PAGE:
Salute to the Son
I am writing to express my appreciation to Sakyong Mipham Rinpoche. I was especially taken by his support for Westerners’ taking more responsibility in the development of dharma and not depending so much on the Asian teachers. This is a refreshing view, as Tibetan teachers in particular so often express a proprietary or territorial sense of ownership about “their” dharma. I do not practice in a Tibetan lineage, but I have heard senior students complain that their Tibetan teachers deep down think that Westerners are barbarians who will just never get it right.
Trungpa Rinpoche’s books were an enormous help to me when I started out in dharma practice. His words were so encouraging. I never studied with him, but he actually convinced me that I had the capacity to attain the way. After reading his books, I could no longer tell myself that you had to be Asian, or Tibetan, or born Buddhist in order to get enlightened. It is wonderful to see his son continuing this generous encouragement.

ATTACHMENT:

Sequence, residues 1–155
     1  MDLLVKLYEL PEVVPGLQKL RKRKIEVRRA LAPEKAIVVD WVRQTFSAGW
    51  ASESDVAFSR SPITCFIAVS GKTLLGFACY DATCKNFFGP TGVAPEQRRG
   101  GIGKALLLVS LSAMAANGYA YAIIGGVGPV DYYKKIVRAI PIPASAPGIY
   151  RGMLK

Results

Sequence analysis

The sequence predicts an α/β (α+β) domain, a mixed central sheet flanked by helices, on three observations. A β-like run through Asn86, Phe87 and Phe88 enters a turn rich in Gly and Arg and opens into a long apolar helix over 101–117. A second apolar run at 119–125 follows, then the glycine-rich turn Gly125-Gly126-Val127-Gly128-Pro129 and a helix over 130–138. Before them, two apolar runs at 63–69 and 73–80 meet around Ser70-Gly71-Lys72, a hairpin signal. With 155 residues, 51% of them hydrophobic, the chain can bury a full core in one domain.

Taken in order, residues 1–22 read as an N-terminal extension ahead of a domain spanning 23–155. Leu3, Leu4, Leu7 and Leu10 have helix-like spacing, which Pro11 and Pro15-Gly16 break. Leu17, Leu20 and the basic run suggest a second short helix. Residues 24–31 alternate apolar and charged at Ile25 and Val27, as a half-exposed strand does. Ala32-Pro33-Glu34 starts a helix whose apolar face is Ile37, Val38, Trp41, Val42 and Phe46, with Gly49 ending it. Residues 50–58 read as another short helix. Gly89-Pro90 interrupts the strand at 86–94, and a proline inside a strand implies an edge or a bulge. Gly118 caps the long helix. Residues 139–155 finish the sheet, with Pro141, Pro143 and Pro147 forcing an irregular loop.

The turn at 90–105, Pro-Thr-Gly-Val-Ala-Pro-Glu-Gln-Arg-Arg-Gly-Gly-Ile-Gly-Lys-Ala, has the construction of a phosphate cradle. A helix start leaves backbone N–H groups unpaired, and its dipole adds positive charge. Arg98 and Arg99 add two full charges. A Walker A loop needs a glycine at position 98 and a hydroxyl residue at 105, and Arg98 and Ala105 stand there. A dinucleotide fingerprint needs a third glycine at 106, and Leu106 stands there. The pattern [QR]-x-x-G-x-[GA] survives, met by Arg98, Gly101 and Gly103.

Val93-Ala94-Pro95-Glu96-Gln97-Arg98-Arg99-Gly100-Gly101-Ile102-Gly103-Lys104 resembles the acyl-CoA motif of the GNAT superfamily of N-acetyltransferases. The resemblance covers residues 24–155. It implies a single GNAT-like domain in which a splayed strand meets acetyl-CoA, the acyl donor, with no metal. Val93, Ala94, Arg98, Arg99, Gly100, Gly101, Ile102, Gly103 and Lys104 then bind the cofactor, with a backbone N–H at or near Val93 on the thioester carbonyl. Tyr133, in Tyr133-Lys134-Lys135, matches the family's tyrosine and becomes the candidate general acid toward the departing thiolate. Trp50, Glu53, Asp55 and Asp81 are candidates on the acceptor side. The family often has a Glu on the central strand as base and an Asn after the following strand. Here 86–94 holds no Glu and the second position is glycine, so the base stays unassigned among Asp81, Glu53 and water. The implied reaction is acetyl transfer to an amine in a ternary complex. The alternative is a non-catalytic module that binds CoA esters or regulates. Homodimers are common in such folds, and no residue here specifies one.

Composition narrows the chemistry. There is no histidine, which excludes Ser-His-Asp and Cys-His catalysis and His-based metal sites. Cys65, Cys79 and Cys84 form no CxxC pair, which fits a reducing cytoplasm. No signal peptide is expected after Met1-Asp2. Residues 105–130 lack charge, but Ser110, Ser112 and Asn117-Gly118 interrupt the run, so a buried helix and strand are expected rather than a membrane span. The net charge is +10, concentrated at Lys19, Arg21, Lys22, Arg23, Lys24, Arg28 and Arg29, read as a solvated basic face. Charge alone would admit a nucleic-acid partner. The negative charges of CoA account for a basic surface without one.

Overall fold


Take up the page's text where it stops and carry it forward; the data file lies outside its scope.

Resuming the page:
Like the Fourteenth Dalai Lama, I am a Buddhist monk who likes movies. I am also a practitioner of the deityDorje Shugden, banned by His Holiness in 1996. I believe Hollywood’s mythification of Tibet is influencing Westerners’ views and attitudes toward this ban.
It is with great interest and concern as a dharma practitioner and teacher that I see the gap between reality and fantasy being perpetuated by Hollywood. It took me a while to realize that the Tibet I had been longing for in my youth did not exist outside of myself, echoed by the very last line in Frank Capra’s Lost Horizon (1937): “Here is my hope that we all find our Shangri-la.”